Appartently, Joe Biden and fellow big spenders in Washington DC, Mordor on The Potomac, don’t care about fiscal discipline. With seemingly endless spending of wars (Ukraine, Israel, Taiwan and the invasion at our southern border, and inane “green” spending,
Janet Yellen and the US Treasury will be auctioning off $776 billion of debt in the final quarter of calendar 2023, a bit below market expectations. Treasury said it will auction another $816 billion in the first quarter of 2024. So, that is yet another $1.6 TRILLION in debt.
The rapid rise in US yields to ~5% points to the government’s annual interest-rate bill rising to 4.5-5% of debt outstanding in the next six months. That’s in the region of $1.7 trillion – or the GDP of Australia – each year.
Such large payments are negative for the economy. Interest is likely to be paid for using higher-velocity money (e.g. taxes) and received by holders less likely to spend the proceeds in the broad economy, and instead re-invest it. Independent monetary policy becomes increasingly difficult when the equivalent of 6% of US GDP is being diverted towards interest payments each year.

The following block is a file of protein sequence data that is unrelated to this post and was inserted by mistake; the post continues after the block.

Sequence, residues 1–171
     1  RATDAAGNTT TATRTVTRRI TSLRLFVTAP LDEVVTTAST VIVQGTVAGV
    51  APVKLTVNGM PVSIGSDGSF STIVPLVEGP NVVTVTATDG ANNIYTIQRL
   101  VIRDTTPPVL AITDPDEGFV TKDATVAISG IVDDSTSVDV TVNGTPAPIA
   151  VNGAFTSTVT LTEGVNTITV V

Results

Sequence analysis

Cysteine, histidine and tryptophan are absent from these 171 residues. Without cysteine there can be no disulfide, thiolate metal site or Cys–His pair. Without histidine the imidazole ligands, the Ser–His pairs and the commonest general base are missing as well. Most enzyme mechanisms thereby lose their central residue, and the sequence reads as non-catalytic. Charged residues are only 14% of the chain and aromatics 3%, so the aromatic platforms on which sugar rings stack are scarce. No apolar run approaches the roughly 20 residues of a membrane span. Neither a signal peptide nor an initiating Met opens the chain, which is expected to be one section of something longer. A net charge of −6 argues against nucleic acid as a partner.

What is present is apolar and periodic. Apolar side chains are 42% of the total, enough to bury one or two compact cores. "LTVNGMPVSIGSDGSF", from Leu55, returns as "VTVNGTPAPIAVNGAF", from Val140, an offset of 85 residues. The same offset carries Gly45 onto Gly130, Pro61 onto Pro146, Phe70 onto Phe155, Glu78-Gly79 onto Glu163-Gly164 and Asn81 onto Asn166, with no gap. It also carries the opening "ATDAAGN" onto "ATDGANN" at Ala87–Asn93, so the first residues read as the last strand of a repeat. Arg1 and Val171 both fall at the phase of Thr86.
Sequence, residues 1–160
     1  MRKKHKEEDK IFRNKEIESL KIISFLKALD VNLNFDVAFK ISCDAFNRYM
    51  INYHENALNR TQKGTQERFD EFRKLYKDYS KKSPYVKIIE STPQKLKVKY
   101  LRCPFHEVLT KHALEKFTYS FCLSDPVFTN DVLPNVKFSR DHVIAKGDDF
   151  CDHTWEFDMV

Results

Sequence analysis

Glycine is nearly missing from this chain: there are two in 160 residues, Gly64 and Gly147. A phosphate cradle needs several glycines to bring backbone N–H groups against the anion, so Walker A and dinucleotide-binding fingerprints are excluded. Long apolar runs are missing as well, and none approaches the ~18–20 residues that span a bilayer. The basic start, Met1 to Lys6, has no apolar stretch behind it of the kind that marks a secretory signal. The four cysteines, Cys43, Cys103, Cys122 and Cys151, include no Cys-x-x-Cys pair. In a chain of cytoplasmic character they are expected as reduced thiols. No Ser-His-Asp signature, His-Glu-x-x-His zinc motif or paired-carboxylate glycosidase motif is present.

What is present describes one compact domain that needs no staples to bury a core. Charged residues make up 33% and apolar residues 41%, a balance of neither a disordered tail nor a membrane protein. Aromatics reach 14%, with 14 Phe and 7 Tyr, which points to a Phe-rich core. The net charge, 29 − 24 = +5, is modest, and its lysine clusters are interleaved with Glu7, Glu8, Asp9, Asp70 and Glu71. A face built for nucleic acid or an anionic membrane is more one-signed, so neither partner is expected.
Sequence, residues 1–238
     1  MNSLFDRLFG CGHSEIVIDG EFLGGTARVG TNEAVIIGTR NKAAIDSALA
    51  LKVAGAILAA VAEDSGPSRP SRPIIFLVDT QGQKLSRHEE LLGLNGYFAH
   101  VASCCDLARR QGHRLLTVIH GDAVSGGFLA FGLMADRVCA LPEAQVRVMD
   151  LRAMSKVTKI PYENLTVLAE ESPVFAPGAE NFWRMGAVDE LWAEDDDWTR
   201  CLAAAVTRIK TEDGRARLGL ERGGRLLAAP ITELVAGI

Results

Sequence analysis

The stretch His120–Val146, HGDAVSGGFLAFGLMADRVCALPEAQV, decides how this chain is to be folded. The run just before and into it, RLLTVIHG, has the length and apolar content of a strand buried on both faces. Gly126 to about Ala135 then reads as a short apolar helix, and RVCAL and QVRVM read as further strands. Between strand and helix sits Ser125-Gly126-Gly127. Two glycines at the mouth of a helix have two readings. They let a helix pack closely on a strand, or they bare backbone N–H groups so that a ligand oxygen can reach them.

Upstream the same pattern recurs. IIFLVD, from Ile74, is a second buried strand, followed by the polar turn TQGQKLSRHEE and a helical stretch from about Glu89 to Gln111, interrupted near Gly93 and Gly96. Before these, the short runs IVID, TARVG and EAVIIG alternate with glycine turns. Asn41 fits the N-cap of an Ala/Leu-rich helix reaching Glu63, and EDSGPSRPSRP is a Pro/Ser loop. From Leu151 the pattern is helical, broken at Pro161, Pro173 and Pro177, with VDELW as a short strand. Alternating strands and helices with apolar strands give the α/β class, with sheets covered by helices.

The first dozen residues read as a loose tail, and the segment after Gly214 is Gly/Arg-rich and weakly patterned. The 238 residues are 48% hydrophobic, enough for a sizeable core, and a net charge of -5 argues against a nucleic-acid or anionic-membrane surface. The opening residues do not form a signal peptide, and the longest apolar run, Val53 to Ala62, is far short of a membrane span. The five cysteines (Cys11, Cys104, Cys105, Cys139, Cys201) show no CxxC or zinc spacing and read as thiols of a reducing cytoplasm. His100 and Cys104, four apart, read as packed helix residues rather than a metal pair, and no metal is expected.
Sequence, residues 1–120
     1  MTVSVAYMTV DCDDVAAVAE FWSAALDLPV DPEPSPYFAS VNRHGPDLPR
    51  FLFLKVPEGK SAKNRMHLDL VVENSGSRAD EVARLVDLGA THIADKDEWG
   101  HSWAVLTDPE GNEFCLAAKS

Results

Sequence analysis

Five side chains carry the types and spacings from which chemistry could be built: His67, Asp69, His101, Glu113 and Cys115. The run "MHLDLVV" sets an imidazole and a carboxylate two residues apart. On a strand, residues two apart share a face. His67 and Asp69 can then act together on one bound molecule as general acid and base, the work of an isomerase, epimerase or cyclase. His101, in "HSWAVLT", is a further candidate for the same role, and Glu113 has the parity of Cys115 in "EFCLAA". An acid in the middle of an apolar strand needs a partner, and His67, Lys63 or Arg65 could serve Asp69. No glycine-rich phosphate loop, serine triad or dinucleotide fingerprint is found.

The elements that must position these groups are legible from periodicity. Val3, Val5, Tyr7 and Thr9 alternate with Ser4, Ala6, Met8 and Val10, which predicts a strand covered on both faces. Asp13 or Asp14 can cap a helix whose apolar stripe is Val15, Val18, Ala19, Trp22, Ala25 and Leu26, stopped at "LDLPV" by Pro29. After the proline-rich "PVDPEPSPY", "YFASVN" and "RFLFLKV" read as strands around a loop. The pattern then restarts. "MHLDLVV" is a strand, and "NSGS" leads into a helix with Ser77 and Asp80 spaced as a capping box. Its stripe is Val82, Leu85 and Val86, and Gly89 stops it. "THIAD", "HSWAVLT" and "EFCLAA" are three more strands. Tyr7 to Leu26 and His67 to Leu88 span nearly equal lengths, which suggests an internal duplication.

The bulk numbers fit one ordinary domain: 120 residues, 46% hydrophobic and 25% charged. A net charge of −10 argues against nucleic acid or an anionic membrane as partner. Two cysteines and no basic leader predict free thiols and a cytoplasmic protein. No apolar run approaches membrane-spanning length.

It’s not only the size of Treasury borrowing that’s a problem, but it’s maturity composition.
Today’s recommended financing schedules gave further color on longer-term debt issuance needs (i.e. debt that’s not bills).
Issuance has latterly been skewed to bills, which has ameliorated the impact on liquidity as money market funds have been able to intermediate through the reverse repo (RRP) facility at the Fed. But as issuance skews back towards longer-term debt (watch for increases in auction sizes in 2y, 3y, 5y, 7y, 10y, 20y and 30y debt for insight on this), that will have an increasingly negative impact on liquidity, especially if the Treasury maintains its large cash balance at the Fed (as it said on Monday it expected to do).
The Fed has little (or no) say over any of this.
Monetary policy will become increasingly overwhelmed in such an environment, which is why today’s Fed meeting, where it is expected to keep rates on hold, is a bit of an afterthought.
Also of more consequence currently is Japan.
The BOJ’s decision to maintain negative yields and keep its yield curve control policy largely intact ladles on yet more underlying risks to the global macro environment.
Allegedly, The Fed isn’t interested in buying additional US debt, and likely China and Japan won’t be buying our debt either. But maybe the REAL Federal government, Blackrock and their friends will buy the debt!